Endogenous reduced nicotinamide adenine dinucleotide (NADH) fluorescence provides an intrinsic indicator of the cellular metabolic state, but prolonged monitoring is limited by photobleaching and/or phototoxicity. Multiphoton excitation of NADH by ultrashort, 740-nm laser pulses provides a significant improvement over UV excitation by eliminating peripheral photobleaching; however, molecules within the subfemtoliter excitation volume remain susceptible. We have investigated the photophysical mechanisms responsible for multiphoton photobleaching of NADH in living cells to permit the imaging technique to be optimized. The loss of fluorescence because of multiphoton photobleaching was measured by repetitively imaging individual planes within rat basophilic leukemia cells. The photobleaching rate was proportional to the fourth power of the laser intensity. Based on these measurements, we propose a double-biphotonic, four-photon photobleaching mechanism and estimate the quantum yield of photobleaching of intracellular NADH to be 0.0073 ± 0.0002 by this mechanism. In addition to photobleaching, the development of bright, punctate fluorescent lesions can also be observed. The frequency of lesion formation also increased approximately as the fourth power of the laser intensity after an intensity-dependent threshold number of images had been exceeded. The consequences for two-photon metabolic imaging are discussed.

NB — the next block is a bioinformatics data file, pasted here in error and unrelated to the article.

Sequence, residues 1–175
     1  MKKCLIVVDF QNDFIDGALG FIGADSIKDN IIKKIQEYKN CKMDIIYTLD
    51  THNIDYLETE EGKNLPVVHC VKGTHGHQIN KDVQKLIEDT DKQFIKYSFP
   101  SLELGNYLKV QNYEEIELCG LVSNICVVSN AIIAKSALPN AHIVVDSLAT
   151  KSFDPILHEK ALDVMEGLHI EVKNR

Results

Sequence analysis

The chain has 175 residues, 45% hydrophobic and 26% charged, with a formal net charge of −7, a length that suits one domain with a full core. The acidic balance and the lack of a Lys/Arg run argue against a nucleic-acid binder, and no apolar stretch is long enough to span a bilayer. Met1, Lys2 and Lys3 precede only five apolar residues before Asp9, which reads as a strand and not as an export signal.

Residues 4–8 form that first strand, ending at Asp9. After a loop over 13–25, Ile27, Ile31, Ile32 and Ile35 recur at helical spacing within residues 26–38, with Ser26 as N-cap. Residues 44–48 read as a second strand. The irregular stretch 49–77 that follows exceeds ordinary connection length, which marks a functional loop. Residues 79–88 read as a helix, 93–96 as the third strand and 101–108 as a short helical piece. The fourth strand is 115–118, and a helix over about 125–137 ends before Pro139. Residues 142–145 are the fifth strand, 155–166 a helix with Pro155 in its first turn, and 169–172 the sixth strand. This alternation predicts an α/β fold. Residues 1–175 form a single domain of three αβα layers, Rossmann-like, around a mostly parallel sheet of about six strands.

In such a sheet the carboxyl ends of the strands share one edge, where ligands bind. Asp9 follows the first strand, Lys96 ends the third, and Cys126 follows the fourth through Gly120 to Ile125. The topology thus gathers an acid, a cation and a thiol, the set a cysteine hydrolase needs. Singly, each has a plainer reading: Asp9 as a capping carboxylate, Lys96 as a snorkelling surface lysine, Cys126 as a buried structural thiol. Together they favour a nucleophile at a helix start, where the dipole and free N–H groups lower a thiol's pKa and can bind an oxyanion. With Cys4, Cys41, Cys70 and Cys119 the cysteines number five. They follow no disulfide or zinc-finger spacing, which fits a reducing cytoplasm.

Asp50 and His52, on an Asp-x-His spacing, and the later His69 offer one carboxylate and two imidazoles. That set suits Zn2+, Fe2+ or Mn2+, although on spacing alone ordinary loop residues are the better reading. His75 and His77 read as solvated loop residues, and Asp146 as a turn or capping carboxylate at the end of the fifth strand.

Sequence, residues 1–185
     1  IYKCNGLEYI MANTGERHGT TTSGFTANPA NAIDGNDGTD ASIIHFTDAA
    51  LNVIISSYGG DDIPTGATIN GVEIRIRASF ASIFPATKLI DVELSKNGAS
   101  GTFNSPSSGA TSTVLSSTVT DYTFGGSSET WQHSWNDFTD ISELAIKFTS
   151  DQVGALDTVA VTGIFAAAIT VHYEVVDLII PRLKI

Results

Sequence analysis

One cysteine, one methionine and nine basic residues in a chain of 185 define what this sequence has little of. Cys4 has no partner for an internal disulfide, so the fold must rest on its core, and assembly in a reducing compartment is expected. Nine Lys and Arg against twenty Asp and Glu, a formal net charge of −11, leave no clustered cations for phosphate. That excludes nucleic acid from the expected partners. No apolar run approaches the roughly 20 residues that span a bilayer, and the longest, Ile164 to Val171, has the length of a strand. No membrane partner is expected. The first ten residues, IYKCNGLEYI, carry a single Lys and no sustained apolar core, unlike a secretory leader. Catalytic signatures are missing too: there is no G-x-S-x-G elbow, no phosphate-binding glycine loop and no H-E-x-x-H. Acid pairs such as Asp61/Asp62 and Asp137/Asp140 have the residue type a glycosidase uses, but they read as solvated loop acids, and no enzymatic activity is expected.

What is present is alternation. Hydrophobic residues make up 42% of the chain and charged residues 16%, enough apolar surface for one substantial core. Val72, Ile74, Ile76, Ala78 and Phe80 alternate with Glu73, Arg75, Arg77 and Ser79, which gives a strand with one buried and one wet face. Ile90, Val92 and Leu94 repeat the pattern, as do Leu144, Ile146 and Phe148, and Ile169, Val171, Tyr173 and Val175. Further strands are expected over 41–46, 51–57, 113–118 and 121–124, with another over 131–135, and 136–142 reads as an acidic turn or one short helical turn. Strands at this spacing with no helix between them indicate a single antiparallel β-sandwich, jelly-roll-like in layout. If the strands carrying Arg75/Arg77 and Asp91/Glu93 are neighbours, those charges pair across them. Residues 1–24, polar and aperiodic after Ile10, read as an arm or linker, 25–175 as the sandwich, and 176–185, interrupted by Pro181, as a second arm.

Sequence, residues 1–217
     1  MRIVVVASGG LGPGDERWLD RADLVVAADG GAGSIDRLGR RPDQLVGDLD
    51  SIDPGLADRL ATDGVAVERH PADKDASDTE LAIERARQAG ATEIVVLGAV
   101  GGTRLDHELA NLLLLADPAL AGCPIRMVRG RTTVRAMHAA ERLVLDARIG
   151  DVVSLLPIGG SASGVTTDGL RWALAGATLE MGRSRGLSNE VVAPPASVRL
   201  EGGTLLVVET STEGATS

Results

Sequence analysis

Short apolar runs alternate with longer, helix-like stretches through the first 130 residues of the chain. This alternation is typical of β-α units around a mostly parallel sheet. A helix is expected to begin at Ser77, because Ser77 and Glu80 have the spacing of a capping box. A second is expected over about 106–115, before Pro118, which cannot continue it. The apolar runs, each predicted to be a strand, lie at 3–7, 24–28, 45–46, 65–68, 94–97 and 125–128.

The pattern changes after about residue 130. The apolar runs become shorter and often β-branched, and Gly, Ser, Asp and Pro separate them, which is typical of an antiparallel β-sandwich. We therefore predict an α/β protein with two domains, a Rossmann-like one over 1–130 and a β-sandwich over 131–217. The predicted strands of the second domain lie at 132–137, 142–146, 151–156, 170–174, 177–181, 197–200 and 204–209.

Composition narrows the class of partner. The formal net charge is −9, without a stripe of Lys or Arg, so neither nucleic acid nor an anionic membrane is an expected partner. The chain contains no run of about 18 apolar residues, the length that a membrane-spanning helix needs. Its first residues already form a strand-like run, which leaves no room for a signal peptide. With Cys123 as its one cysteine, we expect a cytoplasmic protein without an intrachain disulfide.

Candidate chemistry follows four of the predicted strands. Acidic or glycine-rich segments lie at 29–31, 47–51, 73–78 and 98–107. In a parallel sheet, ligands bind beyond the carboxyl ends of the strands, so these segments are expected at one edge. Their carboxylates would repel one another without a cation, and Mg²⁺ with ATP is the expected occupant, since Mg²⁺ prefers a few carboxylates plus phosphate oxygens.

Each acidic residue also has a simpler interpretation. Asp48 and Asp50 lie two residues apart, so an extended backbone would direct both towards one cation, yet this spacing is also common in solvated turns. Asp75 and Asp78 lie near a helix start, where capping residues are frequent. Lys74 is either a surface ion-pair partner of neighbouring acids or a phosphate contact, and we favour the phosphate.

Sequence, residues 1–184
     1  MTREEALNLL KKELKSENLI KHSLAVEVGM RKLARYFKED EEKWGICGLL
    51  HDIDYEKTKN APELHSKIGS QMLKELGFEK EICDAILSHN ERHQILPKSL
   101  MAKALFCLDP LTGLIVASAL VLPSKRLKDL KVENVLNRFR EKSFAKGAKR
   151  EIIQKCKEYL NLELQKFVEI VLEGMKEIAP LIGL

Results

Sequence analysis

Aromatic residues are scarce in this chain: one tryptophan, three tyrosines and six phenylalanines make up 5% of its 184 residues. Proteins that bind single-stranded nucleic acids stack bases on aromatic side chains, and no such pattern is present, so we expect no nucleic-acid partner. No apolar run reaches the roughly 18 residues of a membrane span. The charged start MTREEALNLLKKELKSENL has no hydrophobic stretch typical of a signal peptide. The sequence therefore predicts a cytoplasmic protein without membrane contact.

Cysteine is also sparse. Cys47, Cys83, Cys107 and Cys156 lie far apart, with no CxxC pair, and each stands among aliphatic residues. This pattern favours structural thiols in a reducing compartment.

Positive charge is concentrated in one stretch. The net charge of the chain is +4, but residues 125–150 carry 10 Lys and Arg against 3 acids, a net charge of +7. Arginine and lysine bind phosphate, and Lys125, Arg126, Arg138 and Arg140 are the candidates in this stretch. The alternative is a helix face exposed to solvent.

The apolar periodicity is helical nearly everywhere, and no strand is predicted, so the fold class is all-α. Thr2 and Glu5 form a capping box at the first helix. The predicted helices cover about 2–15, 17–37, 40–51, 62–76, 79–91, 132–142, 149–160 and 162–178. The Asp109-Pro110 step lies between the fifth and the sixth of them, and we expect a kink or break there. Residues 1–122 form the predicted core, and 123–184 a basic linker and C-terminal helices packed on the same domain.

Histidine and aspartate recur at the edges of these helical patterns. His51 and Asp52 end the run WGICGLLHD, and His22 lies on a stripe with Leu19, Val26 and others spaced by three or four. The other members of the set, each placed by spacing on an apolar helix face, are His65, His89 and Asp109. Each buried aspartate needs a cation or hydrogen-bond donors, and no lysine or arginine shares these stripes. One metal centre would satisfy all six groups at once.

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Vol. 82 • No. 3